A custom shell command to create a template file

The article shows how to define a custom shell command to create a file with predefined multiple-line content. In the following example we use a custom command mdnew file-name to create a markdown file with predefined YAML front matter.

For a quick view, here is the effect:

# Create a new makrdown file hello-markdown.md with predefined YAML fonter matter
$ mdnew hello-markdown

# Show the contents of the newly created markdown file
$ cat hello-markdown.md
       │ File: hello-markdown.md
   1   │ ---
   2   │ title: hello markdown
   3   │ author: John
   4   │ date: 2023-04-11 16:48:39
   5   │ tags_input:
   6   │   -
   7   │ categories:
   8   │   -
   9   │ description: 
  10   │ ---
  11   │ 

If you are working on Windows, we suggest you use a Unix style terminal for better productivity. If you are using Git, you already have one. Git bash is a good choice for such terminals.

Here we take Git bash for example to define the custom command mdnew.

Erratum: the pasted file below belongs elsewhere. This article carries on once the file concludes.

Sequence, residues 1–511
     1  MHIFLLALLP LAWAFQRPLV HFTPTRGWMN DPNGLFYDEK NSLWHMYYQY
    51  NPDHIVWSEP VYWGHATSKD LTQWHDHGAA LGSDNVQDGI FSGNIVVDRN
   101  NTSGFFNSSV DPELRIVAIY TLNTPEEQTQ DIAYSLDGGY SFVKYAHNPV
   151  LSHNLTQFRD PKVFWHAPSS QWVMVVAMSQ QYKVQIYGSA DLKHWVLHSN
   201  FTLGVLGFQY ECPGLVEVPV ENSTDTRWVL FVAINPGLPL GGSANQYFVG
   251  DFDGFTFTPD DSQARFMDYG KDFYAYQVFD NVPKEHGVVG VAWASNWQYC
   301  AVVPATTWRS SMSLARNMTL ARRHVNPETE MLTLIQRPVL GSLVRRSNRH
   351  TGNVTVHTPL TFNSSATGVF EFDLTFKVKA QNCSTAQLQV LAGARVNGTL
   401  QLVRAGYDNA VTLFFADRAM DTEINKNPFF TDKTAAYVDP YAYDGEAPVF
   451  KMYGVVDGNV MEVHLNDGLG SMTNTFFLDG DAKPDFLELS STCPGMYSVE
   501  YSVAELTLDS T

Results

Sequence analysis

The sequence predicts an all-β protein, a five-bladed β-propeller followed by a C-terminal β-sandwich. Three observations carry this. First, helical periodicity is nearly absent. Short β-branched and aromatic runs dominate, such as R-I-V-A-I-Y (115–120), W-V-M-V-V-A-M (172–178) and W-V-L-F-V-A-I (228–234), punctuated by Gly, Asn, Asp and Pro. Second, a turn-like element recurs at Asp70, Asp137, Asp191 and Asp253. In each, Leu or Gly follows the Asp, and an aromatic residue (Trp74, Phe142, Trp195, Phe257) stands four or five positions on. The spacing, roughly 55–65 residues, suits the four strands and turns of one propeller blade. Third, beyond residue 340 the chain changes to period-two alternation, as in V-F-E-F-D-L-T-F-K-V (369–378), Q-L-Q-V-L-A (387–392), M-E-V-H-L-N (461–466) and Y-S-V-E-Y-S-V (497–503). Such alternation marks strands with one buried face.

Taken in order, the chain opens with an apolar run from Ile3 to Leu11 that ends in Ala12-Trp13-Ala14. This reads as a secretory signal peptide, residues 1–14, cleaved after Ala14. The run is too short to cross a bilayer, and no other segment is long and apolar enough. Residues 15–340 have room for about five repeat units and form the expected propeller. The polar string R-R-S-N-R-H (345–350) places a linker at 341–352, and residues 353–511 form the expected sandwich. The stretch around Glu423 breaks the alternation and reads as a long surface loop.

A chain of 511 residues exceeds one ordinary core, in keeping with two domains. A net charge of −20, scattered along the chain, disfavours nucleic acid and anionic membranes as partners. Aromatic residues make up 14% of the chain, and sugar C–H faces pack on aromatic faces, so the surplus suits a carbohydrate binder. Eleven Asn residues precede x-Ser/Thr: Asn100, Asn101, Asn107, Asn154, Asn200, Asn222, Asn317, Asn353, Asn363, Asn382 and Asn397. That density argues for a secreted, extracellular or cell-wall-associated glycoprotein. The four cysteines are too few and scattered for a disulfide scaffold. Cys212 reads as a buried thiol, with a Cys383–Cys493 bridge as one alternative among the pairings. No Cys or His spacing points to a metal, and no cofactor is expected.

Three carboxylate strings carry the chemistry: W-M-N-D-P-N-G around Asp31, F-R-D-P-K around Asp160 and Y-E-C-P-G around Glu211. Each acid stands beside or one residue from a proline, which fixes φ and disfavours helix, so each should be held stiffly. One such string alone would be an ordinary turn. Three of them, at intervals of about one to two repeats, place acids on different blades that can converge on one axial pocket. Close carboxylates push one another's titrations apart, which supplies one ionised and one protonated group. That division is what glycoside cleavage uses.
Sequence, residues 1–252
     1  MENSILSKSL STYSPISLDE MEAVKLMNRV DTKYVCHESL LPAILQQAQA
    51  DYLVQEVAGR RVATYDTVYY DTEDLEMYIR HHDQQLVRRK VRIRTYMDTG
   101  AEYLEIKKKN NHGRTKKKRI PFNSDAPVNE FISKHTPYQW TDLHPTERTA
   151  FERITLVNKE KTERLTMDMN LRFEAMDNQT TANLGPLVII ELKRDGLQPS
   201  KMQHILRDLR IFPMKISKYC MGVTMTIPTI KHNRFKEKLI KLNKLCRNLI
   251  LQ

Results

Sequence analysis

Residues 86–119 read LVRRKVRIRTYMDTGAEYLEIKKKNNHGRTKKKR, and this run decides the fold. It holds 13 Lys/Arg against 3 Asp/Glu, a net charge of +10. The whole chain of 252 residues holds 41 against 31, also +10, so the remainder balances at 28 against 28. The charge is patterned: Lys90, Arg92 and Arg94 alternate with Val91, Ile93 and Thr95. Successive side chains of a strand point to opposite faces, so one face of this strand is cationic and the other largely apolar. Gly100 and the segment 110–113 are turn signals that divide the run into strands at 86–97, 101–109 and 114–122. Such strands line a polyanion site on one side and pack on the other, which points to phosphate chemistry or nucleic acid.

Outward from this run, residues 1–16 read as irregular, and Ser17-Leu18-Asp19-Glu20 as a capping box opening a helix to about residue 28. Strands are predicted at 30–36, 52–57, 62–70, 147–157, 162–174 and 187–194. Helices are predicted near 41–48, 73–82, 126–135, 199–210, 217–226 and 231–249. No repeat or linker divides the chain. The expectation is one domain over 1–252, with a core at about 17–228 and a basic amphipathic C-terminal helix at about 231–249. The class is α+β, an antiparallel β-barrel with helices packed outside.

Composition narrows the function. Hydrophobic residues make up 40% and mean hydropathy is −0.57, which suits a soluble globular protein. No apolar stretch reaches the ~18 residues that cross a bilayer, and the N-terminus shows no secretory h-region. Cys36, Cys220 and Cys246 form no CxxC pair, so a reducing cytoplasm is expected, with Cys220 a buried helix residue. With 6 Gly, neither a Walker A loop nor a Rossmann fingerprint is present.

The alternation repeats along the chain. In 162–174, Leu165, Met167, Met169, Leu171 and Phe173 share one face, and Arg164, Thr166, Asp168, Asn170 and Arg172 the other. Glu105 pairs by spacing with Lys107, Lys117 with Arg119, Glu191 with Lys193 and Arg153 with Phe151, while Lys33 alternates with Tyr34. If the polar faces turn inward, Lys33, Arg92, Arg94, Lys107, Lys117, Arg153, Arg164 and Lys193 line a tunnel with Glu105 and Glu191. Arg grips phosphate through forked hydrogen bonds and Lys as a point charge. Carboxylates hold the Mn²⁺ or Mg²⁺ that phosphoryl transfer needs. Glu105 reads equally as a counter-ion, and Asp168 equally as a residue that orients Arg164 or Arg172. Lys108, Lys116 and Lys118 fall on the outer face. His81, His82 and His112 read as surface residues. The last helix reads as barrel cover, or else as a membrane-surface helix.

Open ~/.bash_profile or ~/.bashrc, append below content to the end of the file:

mdnew() {

    # Replace all '-' to ' ' to make it a proper title
    title="${title//-/ }"

title: $title
author: John
date: $(date +"%Y-%m-%d %H:%M:%S")
    echo "$lines" > $file_name

If you want to avoid the mdnew command to overrides an existing file by accident, you can cange the last line to:

     echo "$lines" >> $file_name

Then the command only append the YAML front matter to the file.

Then you can open Git bash and create a new markdown file like we have done above. If you have a Git bash terminal opened already, run below source command to make our custom mdnew to take effect before use it.

$ source ~/.bash_profile

# Then you can use 'mdnew' command to create a file
$ mdnew hello-markdown